The smell of salt water tinged the night breeze, taunting his senses with memories. He smiled down at her, wondering what she’d do if he told her his preferred cure. Instead he said,

"Drinking works. Sometimes. Except it gives you a hangover which can be nearly as bad as the memories. And after a while it quits working.”

"It’s been three years,” she said, almost wistfully. "I thought I’d gotten past it.”

"Some things never go away. They fade, but they’re always there.” Luke could still remember the sick feeling he’d had when he found out the truth about his old man. And that had been over twenty years ago.

Alex was staring, not at him but out to sea. At some window to the past, he suspected. Cupping her face in his hands, he brought her startled gaze to meet his. "But the best way I’ve found”—he rubbed his thumb over her soft, tempting lips—"is this.” Slowly, he lowered his mouth to hers, waiting for her to pull back. When she didn’t, he captured her mouth, tracing her lips with the tip of his tongue until she opened and invited him inside.

He sank his hands into her hair, wanting to know what she looked like wearing nothing but that thick, rich mass flowing over her like a flame. Luke had kissed a lot of women in the past and enjoyed them all, but Alex was the stuff dreams were made of. His tongue swept her mouth thoroughly, enticing hers until she began making teasing forays of her own.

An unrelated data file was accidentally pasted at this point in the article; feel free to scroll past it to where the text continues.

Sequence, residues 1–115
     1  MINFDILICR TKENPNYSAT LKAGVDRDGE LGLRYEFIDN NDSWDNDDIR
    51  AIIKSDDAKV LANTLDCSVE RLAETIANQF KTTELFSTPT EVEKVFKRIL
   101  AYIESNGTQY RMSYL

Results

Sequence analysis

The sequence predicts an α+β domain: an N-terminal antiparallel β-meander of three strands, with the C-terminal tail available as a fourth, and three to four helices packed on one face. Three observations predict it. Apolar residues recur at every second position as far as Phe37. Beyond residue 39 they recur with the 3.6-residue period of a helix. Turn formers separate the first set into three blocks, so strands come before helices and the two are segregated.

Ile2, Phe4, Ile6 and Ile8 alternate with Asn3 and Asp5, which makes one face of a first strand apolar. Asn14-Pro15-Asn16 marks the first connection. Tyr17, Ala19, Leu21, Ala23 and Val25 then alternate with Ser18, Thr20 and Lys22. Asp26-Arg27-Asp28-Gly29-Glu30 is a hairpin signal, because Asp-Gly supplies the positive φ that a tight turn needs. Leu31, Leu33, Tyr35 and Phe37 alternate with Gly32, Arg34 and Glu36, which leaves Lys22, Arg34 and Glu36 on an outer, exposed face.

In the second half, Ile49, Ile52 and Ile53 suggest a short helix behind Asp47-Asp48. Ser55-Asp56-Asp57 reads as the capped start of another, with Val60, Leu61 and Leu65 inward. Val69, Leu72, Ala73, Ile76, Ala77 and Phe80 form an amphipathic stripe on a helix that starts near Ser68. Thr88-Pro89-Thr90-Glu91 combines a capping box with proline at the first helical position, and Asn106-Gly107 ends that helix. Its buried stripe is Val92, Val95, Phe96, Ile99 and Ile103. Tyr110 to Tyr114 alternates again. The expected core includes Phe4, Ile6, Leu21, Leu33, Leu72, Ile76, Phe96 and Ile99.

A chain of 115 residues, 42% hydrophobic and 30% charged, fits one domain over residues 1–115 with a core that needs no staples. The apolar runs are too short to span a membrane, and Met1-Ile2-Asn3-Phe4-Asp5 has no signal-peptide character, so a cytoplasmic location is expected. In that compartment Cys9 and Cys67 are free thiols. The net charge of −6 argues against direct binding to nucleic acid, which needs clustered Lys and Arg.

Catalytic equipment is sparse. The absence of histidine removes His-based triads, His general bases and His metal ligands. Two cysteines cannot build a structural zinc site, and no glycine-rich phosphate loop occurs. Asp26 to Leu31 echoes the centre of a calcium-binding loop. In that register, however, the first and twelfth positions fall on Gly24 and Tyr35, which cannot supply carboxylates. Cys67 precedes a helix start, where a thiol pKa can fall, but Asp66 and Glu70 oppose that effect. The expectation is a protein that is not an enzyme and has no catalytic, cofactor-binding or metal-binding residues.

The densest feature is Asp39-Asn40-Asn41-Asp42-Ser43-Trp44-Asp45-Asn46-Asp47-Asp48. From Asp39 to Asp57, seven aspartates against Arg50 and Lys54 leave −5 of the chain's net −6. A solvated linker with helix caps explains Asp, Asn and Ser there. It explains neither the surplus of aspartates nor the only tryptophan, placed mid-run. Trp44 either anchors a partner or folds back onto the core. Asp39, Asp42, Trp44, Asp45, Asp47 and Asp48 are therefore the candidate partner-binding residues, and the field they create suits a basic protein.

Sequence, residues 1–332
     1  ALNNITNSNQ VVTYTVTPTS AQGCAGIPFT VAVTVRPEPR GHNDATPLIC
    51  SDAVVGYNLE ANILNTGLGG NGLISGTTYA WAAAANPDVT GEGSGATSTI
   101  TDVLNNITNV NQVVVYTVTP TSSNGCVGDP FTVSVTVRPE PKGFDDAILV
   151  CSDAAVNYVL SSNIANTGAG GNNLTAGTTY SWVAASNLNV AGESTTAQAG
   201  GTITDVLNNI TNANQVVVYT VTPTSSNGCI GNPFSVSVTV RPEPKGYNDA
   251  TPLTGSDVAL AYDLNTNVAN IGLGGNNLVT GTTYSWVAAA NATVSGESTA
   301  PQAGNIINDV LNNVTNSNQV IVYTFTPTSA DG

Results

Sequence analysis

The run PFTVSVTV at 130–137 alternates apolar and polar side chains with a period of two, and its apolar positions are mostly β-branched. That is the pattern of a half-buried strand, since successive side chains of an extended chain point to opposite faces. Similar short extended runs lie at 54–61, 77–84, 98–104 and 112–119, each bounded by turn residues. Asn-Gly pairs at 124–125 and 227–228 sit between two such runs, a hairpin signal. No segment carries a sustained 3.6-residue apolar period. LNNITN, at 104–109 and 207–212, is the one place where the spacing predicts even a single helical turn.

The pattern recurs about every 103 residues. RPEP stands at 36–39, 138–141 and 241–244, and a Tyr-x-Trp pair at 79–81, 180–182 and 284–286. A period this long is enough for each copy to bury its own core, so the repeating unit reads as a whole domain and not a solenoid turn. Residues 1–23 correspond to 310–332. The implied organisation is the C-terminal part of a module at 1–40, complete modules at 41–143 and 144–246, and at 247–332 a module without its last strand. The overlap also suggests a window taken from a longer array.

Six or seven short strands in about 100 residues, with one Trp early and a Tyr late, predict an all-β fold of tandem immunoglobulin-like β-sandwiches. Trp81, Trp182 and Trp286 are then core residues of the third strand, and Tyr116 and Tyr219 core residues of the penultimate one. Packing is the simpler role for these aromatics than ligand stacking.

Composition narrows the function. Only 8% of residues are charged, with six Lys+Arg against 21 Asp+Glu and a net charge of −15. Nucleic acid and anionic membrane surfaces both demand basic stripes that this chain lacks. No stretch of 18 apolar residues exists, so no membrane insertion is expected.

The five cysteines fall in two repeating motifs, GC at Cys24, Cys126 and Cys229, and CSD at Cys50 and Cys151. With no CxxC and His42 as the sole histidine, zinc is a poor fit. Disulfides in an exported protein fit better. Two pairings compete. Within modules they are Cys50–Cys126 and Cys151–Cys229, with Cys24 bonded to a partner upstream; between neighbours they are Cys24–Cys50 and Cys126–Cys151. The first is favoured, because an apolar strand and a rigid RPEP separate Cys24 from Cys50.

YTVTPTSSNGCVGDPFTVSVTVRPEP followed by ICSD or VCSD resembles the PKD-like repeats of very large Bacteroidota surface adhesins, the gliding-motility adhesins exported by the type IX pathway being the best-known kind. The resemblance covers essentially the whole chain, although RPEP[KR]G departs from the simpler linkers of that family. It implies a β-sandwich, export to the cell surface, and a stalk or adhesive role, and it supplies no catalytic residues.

Her purse dropped to the sand beside them, then her arms encircled his neck, her body pressing close to his. Their tongues touched, retreated, touched again in a potent, sexy-as-hell rhythm. She moaned throatily as his arms tightened around her, as the kiss deepened and desire flashed hot between them. He knew for a fact that if he didn’t stop soon, sex on the beach wouldn’t be just a drink.

When Alex Sheridan kissed a man, he thought, she didn’t do it halfway.

Still holding her in his arms, Luke drew back and smiled at her. Her eyes had gone dreamy. "So, Alex, what do you think?”

"I think I’ll have to reserve judgment.”


"Until you kiss me again.”


With a muttered curse, Luke shoved his chair back from his desk and rose to pace the length of his office. Frustrated by his recent lack of productivity, he slapped his pen against his hand in disgust. Red ink squirted out, staining his palm. Red, dammit, he thought. It would be.

In the three weeks that had passed since his return from San Diego, he’d thought about Alex Sheridan every day. It was driving him crazy. Why would a one-night fling with a woman, however beautiful and sexy he’d found her, stay with him like it had?

He had a feeling he knew. She’d touched something in him besides his libido. His . . . sense of compassion? That was an emotion he thought he’d lost long ago. But when he’d seen her face for that brief, unguarded moment during her lecture, he’d wanted to help her. He’d thought his days as a white knight long over, the desire killed by his disillusionment with his naval career, but her vulnerability had gotten to him. He’d bet she was ordinarily very good at covering that vulnerability. And that was probably why she’d hightailed it out of his room the next morning before he awakened.